This blog post is sponsored by FitGrid

By Nt Etuk, Special AFS Contributor

One of the biggest challenges fitness studio owners and managers face is getting clients to return on a regular basis. Those alluring first-time visit deals and packages may be a great way to capture the attention of a potential new client, but they can cost your studio more than it might be worth (in terms of resources and money lost) if the client drops off in attendance after the initial offer. What can you do during a client’s first visit that will get them to stay long after the appeal of a first-time bargain fades away?

Here are some tips to help you contribute to a positive experience with a new client, by showing them the one-on-one attention that will inspire them to return to your studio.

Be Helpful, Not Pushy

A customer entering any business for the first time can easily sniff out an over-eager salesperson or employee. The key to a successful interaction with a newcomer is to take a casual approach, focusing on being sincere and helpful instead of itching to make a sale.

Especially in the boutique fitness industry, it can be intimidating for a person to walk into the studio for the first time, where they are unfamiliar with the staff, environment, etiquette and sometimes the classes themselves. Help them feel included right off the bat by introducing them to the people they should expect to see around the studio -- whether that is the front desk staff, instructors, or regular clients that know their way around the studio. If possible, notify their instructor that it is their first time taking the class, and ask them to provide any advice or tips that will make their experience go more smoothly.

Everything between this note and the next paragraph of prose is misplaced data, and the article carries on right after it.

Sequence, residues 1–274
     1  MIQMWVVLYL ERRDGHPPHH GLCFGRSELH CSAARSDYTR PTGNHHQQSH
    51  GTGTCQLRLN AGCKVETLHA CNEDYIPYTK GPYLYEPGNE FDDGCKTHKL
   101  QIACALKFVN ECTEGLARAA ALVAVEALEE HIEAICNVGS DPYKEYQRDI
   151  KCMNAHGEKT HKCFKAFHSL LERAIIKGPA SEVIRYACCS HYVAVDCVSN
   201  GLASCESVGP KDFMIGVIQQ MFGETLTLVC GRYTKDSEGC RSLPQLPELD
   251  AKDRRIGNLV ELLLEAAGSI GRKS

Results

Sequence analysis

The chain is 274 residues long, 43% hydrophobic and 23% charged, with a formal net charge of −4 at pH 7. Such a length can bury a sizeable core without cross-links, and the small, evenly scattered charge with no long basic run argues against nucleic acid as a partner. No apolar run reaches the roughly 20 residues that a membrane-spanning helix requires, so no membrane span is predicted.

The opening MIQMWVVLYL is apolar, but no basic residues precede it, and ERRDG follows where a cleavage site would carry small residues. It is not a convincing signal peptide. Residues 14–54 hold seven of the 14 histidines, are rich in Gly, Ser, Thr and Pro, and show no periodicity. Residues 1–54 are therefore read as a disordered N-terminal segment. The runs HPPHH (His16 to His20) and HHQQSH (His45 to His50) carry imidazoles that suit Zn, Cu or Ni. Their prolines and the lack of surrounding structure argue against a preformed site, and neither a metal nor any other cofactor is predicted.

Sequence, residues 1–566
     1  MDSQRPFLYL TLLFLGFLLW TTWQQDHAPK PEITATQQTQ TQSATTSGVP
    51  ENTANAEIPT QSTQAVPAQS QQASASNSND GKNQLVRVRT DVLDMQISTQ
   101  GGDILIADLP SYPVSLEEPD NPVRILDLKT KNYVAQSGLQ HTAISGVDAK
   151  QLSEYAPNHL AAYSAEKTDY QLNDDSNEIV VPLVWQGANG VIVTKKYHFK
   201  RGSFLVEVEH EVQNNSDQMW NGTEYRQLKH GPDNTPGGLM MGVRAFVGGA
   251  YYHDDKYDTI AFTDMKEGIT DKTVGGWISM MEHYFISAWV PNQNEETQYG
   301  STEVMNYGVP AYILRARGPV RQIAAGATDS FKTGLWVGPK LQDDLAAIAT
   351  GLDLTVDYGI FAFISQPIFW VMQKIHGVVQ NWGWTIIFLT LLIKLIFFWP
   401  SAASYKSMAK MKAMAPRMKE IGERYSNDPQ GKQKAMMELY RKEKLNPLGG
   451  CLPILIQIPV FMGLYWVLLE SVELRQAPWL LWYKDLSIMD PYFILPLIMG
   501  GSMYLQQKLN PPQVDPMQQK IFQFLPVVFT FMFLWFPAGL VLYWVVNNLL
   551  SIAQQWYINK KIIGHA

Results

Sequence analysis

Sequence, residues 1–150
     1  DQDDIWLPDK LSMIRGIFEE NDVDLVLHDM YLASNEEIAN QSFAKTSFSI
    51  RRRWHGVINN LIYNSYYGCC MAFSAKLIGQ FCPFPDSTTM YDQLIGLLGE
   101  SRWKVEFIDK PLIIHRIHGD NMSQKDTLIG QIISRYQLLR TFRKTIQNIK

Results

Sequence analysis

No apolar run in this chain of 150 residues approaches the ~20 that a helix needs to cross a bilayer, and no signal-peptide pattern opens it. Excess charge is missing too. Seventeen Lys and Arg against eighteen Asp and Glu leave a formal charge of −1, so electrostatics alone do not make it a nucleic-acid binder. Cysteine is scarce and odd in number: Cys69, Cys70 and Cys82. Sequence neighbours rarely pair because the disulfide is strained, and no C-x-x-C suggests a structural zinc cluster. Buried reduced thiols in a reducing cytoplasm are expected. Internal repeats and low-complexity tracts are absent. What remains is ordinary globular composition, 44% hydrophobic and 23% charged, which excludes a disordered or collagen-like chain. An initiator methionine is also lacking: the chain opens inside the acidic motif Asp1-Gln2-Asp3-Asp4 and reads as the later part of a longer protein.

Allow clients to pay after their first class if you can. This creates an opportunity for you or your front desk staff to check back in with them before they leave and see how their first class went. From there, you have more of an opportunity to introduce them to deals that will encourage them to come back, and suggest certain classes or instructors that you think would suit them.

Make the client aware of the package deals at the studio if they’ve enjoyed their first class, but don’t scare them off by making them feel pressured to purchase right away. Encourage them to come back a few more times to see how they like it, and offer to help them find the right membership plan after that. Creating more touchpoints for communicating with a first-time visitor provides more opportunities to enhance their experience, and emphasizes the value your studio places on personal interactions with clients.

Remember the Small Things

With all of the applications that make running a business faster and more convenient, it can be easy to forget the value of good old fashioned face-to-face interactions -- but they are often the most important part of the customer experience! Showing each client, especially first-timers, individual attention is extremely appealing because of the preconceived notion that it can be easy to get lost in the crowd during a group workout. Showing them that you truly care about each one of them, and are there to help them, fosters a stronger connection that can increase your client retention rates.